The sourcing narrative and rich cultural value inherent to tinned fish products is the very reason that, according to Millstein, the term “merroir” has started to float around in the tinned fish industry. A nod to the French word “terroir,” which references the characteristic taste and texture imparted to a wine by the environment in which it is produced (and is often translated as a “taste of place”), “merroir” references the transportive, experiential, and illuminating nature of tinned fish. Schertz echoes this sentiment, connecting it to the proliferation of tinned fish products on social media: “The popularity of TikTok’s tinned fish date night makes perfect sense to me, because for $20, you can have a beautiful sea-cuterie platter, pair it with a bottle of wine, and you feel like you’re on the French Riviera or the Portuguese coast!”
So, what new tins will you be popping on date nights in 2023? For starters, Schertz says Bela will be doubling the number of products offered for the first time since it was founded nearly 30 years ago—”We currently sell seven products and plan to launch another seven next year”—and that several of the new items will focus on what he says is the traditional Portuguese way of packing canned seafood. “The Portuguese-style canned codfish, for one, will be mixed with sauteed sauces and onions,” Scherz says. “This classic serving technique, while delicious, also saves so much time for consumers; it’s like a meal in a can. You can simply drape the fish over a bed of rice or vegetables and dinner’s ready.”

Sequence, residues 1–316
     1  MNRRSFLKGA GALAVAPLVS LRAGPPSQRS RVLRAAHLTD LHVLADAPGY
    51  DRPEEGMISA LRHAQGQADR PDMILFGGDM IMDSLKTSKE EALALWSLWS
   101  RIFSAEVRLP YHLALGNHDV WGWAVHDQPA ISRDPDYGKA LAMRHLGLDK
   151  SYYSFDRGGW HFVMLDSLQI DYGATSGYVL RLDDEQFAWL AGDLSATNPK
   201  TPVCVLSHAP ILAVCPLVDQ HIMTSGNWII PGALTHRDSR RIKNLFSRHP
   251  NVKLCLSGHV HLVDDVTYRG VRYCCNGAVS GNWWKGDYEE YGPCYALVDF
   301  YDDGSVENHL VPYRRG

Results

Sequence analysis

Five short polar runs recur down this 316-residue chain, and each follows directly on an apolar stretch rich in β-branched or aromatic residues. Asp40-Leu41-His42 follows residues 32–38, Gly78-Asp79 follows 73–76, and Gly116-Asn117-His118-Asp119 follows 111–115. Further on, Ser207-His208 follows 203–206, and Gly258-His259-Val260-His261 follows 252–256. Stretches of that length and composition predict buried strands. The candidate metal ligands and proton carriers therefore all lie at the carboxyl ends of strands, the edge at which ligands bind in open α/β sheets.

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Patagonia Provisions also plans to wade into the pre-sauced, -tossed, and -seasoned seafood concept next year; the brand will be releasing new flavors of mussels, mackerel, and anchovies, which will be the latest additions to its line of ready-to-eat seafood bowls that also include vegetables, pasta, or legumes. “In 2023, I think we’ll see the tinned fish market move away from the ‘packed in oil or water’ offerings and move towards more robust, unique flavor profiles, like spicy, sauced, or salad versions of canned seafood products,” says Creagan. Freshé, meanwhile, plans to add new varieties like shrimp, mackerel, and sardines to its roster next year, and Scout is set to release a new product line, Scout Snack Kits, this January.
Finally, Millstein says Fishwife will launch at least five new tinned seafood products in 2023. “We’re planning to source from different parts of the world to bring the price point of some of our products down, since we are a premium brand compared to some of the other options on the market. Our ambition is not to serve just the one percent; we want to make it easy for all folks to eat more delicious, sustainably-sourced, nutrient-rich seafood products.” Pun intended: We’re on board. ✙
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Photography by Tim Gibson, Art Direction by Jenna Gibson for Well+Good